The hardware peripheral interface for this embodiment is directly the host computer 506 and the data cartridge 310 by way of a removable cartridge device 500. In this embodiment, the peripheral interface port 204 is a native SATA or SAS interface, but other embodiments could use other interfaces. This embodiment removes substantial cost from the removable cartridge device 300 by replacing some of the hardware and software in the removable cartridge device 300 with system controller software 502 that is run on the host computer 506. The data cartridge 310 has a native SATA or SAS interface that attaches to the SATA or SAS peripheral interface port 204 of the host computer 506.

FIG. 6A shows a first embodiment of portions of the removable cartridge device 300 of FIGS. 3A and 3B. The processor 604 communicates with a data buffer 606, the cartridge interface 304 and the peripheral interface 301. Software or firmware running on the processor 604 manages this operation to allow translation of a first command set (e.g., SCSI Stream Commands) of the data storage application 202 to a second command set for the data cartridge 310 (e.g., SATA hard drive commands).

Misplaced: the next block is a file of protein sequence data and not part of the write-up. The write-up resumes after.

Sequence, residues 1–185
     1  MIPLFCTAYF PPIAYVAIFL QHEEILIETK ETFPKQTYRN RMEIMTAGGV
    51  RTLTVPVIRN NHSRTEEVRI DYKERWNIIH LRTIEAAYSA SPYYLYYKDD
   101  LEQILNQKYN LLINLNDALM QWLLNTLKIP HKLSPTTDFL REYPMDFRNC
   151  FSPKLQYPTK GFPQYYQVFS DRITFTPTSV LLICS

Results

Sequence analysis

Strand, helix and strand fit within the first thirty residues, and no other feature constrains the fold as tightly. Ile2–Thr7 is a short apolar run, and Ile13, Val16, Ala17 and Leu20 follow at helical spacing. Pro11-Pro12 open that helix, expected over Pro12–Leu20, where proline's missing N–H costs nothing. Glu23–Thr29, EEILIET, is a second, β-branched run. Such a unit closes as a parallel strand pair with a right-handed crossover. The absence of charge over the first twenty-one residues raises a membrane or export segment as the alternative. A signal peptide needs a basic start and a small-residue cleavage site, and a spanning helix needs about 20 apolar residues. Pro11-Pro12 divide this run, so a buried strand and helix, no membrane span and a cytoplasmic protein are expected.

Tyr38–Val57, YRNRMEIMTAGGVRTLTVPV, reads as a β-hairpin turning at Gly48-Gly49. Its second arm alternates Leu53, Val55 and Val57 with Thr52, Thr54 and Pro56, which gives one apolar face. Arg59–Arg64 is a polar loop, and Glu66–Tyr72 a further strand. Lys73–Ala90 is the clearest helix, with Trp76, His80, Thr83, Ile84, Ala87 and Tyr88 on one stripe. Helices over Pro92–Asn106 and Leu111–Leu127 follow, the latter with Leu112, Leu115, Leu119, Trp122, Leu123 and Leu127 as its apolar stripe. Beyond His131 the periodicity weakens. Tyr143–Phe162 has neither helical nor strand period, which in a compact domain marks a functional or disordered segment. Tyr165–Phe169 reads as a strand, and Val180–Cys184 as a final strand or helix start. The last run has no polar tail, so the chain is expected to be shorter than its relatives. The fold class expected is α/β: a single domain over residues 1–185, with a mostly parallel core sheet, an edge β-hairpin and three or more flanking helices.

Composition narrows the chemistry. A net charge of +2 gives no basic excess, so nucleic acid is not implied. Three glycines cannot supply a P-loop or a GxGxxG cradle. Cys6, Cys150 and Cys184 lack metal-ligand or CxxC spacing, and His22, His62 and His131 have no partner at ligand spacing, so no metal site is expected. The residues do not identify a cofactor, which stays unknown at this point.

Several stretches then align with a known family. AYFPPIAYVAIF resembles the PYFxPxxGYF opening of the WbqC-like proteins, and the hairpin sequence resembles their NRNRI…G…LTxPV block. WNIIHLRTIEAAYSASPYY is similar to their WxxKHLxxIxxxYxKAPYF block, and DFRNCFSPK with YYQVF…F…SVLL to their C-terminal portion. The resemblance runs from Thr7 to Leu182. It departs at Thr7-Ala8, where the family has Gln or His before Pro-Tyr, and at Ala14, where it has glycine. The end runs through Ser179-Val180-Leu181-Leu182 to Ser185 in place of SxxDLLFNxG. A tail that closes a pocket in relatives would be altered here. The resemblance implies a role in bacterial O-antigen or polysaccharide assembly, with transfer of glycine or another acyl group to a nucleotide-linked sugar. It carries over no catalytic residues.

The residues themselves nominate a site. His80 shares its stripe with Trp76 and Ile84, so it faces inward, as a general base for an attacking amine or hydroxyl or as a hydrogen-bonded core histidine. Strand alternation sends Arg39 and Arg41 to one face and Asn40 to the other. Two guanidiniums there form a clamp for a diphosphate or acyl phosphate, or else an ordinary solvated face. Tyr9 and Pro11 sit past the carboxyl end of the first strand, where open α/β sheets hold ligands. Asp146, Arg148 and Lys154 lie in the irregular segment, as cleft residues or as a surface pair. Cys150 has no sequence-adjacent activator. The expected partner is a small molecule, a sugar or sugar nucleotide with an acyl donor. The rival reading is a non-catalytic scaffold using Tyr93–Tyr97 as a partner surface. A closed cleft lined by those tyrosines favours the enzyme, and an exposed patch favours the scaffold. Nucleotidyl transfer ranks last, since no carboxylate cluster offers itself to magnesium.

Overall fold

FIG. 6B shows an embodiment of the architecture of the system controller software 502, which implements the control and formatting functions that the hardware-controlled removable cartridge device 300 shown in FIG. 3A performs with hardware. The data buffer 606 has an input and output sections 620, 622. Under management of the virtual driver emulator 610, the input section 620 stores the commands and data of the host computer 506. Translation, reading/writing, formatting/deformatting, and compression/decompression is performed by the data formatting/deformatting process 612. The cartridge interface process 614 uses the output section buffer 622 when interacting with the data cartridge 310. The responses expected by the data storage application 202 are produced by the virtual driver emulator process 610.